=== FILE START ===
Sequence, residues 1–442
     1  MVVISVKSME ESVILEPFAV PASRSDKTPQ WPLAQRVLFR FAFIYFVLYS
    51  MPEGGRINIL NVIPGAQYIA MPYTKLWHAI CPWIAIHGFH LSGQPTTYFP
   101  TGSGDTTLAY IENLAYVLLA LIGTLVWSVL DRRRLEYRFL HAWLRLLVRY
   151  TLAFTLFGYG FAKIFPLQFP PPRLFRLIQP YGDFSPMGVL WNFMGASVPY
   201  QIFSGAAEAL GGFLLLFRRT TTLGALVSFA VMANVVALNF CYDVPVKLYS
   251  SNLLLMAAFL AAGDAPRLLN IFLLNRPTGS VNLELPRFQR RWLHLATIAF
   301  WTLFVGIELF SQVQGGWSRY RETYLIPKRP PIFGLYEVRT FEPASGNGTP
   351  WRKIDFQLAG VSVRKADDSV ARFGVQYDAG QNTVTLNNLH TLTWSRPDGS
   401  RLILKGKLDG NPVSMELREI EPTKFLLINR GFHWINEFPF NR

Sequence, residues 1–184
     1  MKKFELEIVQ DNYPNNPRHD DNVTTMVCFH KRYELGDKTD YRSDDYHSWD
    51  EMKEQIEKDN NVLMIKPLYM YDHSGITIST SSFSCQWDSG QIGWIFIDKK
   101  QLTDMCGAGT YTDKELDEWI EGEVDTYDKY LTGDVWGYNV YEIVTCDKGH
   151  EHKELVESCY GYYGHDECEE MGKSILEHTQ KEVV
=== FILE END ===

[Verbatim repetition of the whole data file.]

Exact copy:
Sequence, residues 1–442
     1  MVVISVKSME ESVILEPFAV PASRSDKTPQ WPLAQRVLFR FAFIYFVLYS
    51  MPEGGRINIL NVIPGAQYIA MPYTKLWHAI CPWIAIHGFH LSGQPTTYFP
   101  TGSGDTTLAY IENLAYVLLA LIGTLVWSVL DRRRLEYRFL HAWLRLLVRY
   151  TLAFTLFGYG FAKIFPLQFP PPRLFRLIQP YGDFSPMGVL WNFMGASVPY
   201  QIFSGAAEAL GGFLLLFRRT TTLGALVSFA VMANVVALNF CYDVPVKLYS
   251  SNLLLMAAFL AAGDAPRLLN IFLLNRPTGS VNLELPRFQR RWLHLATIAF
   301  WTLFVGIELF SQVQGGWSRY RETYLIPKRP PIFGLYEVRT FEPASGNGTP
   351  WRKIDFQLAG VSVRKADDSV ARFGVQYDAG QNTVTLNNLH TLTWSRPDGS
   401  RLILKGKLDG NPVSMELREI EPTKFLLINR GFHWINEFPF NR

Sequence, residues 1–184
     1  MKKFELEIVQ DNYPNNPRHD DNVTTMVCFH KRYELGDKTD YRSDDYHSWD
    51  EMKEQIEKDN NVLMIKPLYM YDHSGITIST SSFSCQWDSG QIGWIFIDKK
   101  QLTDMCGAGT YTDKELDEWI EGEVDTYDKY LTGDVWGYNV YEIVTCDKGH
   151  EHKELVESCY GYYGHDECEE MGKSILEHTQ KEVV